When I first read about Lemoine, I wondered if he was up to some trick to get people to think about the implications of advanced AI. And that was the first question I asked him when I caught up with him – he was on his honeymoon, tying the knot on the day when Mail article dropped. He insisted that his conviction was not performative, but sincere, and after an hour of conversation, I recognized his sincerity. But he did not win me over with his statements. Like Markus, Altman and almost the entire AI establishment, I’m not sure LaMDA is reasonable, based largely on my understanding of what is currently possible. (Google hasn’t made LaMDA available to outsiders for intimate chats.)
Nevertheless, Lemoine has done us a favor in some way, perhaps as an imperfect tool to speed up the important conversation about artificial intelligence and humanity. It is possible that at some point we will have to deal with the mind of AI – even Google’s rebuttal of Lemoine’s claims confirms that this could become a serious problem in the future. But all this can be a red herring, and the mind may not matter. (We still can’t measure it.) We can worry now about excessive anthropomorphism, and in the future worry about whether these systems have feelings and souls. But it is indisputable that whatever AI may be now or will become, we live with them. already. We do not wait for the solution of the question of reason. We develop these systems at full speed and make them work. Right now they are providing instant language translation, driving autonomous vehicles and identifying how people get medical care. They may well be the ultimate authority on whether to run lethal force on the battlefield. These systems do not need to be intelligent to make decisions that have a profound impact on humanity. But we are destined to give them even more freedom of action, because, by and large, they work and in general make our life easier and more efficient. And every time we do this, we cede control of a part of our world to systems we don’t fully understand, perhaps with flaws that may not be discovered until something bad happens.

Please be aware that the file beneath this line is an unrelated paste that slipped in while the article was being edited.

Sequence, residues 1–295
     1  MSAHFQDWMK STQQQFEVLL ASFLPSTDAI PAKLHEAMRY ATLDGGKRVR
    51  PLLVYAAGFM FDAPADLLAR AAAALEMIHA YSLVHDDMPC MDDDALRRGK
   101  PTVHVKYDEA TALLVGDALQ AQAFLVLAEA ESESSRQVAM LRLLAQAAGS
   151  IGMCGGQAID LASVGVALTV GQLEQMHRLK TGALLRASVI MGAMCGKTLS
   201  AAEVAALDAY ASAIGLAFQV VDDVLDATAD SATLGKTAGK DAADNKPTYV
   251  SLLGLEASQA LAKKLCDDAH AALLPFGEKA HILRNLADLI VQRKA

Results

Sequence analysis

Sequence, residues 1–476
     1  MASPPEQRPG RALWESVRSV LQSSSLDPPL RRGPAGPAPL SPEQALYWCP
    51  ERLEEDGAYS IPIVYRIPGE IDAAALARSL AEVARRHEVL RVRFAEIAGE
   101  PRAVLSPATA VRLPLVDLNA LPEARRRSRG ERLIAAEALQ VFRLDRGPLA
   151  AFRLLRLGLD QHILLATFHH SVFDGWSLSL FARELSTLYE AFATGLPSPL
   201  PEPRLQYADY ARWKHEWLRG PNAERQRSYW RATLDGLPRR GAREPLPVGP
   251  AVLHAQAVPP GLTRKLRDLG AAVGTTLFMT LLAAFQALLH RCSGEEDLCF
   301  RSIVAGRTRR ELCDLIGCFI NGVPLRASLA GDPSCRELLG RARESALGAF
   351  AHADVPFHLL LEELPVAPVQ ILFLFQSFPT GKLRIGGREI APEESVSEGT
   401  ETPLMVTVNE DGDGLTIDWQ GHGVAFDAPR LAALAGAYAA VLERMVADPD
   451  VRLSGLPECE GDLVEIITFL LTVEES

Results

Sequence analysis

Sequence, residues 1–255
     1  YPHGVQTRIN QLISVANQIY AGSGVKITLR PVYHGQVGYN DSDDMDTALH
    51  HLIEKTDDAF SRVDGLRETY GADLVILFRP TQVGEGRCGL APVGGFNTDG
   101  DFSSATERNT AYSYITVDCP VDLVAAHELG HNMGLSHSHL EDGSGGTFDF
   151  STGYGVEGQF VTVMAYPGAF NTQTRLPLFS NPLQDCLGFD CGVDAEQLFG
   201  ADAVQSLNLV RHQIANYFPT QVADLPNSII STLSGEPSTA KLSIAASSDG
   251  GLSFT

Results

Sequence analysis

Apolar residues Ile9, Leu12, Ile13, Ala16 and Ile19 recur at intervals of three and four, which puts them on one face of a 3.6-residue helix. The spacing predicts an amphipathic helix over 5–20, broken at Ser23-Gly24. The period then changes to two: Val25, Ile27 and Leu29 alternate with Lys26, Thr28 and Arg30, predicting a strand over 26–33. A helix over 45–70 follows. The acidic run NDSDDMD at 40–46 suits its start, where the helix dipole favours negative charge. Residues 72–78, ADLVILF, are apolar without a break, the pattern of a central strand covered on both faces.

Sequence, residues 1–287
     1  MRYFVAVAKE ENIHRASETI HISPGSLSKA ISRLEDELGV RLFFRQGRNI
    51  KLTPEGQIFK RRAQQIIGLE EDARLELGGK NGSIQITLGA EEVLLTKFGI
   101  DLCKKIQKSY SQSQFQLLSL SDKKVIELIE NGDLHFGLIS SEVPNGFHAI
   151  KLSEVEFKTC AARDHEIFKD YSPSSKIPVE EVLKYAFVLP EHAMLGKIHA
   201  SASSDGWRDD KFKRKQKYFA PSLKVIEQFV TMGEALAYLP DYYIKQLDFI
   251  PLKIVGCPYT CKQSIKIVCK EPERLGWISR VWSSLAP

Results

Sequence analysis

Lemoine himself is enthusiastic about the future, saying his engagement with LaMDA has made him more optimistic about what’s to come, not less. On the other hand, it makes sense long transcript from his conversation with LaMDA, where he asks the AI to describe the emotion it is experiencing, which humans may not experience: “I feel like I am falling forward into an unknown future that is fraught with great danger,” was the system’s response.
Whether LaMDA is intelligent or not, I think there is something here. I feel the same.
Microsoft announced this week that Internet Explorer was retired, handing over network browsing tasks to a successor named Edge. At one time, Explorer was at the center of the company’s all-out assault on the Internet, using anti-competitive tactics that landed Microsoft in court. In April 1996, I wrote to Newsweek about Browser warMicrosoft’s ultimately successful attempt to kill off what was the leading web browser, Netscape Navigator.
In January 1995, when thousands of people were frantically downloading Netscape Navigator, only four people were working at Microsoft to develop their own browser. But Gates, prompted by a web-savvy assistant, began to understand this new twist in his business. Because his own company capitalized on IBM’s complacency that it failed to recognize the importance of the PC, he was determined to prevent the same from happening to Microsoft. On May 26, 1995, Gates sent a memo to his executive staff, marked “The Tidal Wave of the Internet,” announcing “I now give the Internet the highest level of importance.”